Paging Patrick Byrne…

    1. Actually, they say, “will not be profitable for the first few quarters of 2012″. So much for that “plus”.

  4. Hastings has set himself up for some of this. Check out the Netflix Culture presentation’s (http://www.slideshare.net/reed2001/culture-1798664) first two desired employee attributes, and what it says about people who deliver adequate performance.

    Second, Netflix was pretty sleazy about the way they settled the class action lawsuit accusing them of ‘throttling’ high-volume subscribers. They offered users temporary, free service upgrades that started charging extra automatically if users didn’t remember to discontinue them.

    Reed seems like a very sharp guy, and maybe even a very good guy. But you can’t forge swords on the expectation that they will never be used against you.

  5. Kelley Mitchell Wednesday, October 26, 2011

    Agreed! Netflix was once the cool-kid-on-the-block, and they offered a good service and alternative that helped drive the cordcutters movement. But several yucky corporate-ish actions have made it easy to pick on them. They still offer a good service though and will probably bounce back. They just may not be as popular as they once were.

  6. Chanapun Panich Thursday, October 27, 2011

    Agreed! Netflix was once the cool-kid-on-the-block, and they offered a good service and alternative that helped drive the cordcutters movement. But several yucky corporate-ish actions have made it easy to pick on them. They still offer a good service though and will probably bounce back. They just may not be as popular as they once were.

  7. Chanapun Panich Thursday, October 27, 2011

    I actually think their price increase was, to an extent justified. Content acquisition costs are going up drastically. They still offer a very good deal-compare their pricing with Vudu or Amazon – but their streaming selection is not yet quite there. Nothing wrong with Netflix. Profitable now, will continue to be so. One hiccup, big deal…! Sounds to me like someone’s shorting them big time, and pulling in a few favours to make some quick and filthy profits.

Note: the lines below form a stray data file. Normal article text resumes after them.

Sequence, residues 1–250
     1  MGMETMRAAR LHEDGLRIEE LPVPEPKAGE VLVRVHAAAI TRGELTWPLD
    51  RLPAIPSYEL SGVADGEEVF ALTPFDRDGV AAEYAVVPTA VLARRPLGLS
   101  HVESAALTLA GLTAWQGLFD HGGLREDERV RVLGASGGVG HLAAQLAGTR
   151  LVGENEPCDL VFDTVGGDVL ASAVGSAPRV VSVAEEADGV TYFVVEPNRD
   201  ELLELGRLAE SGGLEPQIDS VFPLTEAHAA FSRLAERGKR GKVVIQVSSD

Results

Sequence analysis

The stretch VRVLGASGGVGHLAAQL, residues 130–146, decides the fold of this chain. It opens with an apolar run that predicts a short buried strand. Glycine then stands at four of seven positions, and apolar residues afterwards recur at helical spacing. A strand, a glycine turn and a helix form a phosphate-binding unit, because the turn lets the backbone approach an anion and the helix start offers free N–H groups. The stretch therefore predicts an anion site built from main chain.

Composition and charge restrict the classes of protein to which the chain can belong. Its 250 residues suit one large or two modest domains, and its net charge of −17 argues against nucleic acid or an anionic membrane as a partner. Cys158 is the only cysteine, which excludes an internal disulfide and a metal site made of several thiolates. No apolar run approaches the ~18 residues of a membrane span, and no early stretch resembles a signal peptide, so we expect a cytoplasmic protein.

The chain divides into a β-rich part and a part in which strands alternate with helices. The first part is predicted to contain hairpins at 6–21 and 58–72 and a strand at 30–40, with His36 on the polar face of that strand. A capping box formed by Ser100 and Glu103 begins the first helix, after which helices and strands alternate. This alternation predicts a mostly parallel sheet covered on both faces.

8. Netflix has no real competition that I can see. It’s true they seem to be trying to open the door wider to a competitor, but I haven’t seen anyone walk through that door yet. So, I’ve unsubscribed twice and resubscribed twice this year.

    1. Interesting. I agree to some extent. You can replicate what Netflix has to offer except you need to jump through the hoops. I am happy paying $8 to them for occasional entertainment versus $80 a month for occasional entertainment.

  9. Doubled edged sword. The “pile on” in the good times and the bad. Adoring one day, hating the next, that’s Wall St. You can’t only want their attention when things are going well.

  10. This is not going overboard, this is voting with our dollars. Frankly, it’s about damn time this type of hand-slapping happens, and more of it should happen. Let’s start with Netflix, and then make sure a few banks take notice. Next, Apple needs to learn they are not a holy institution.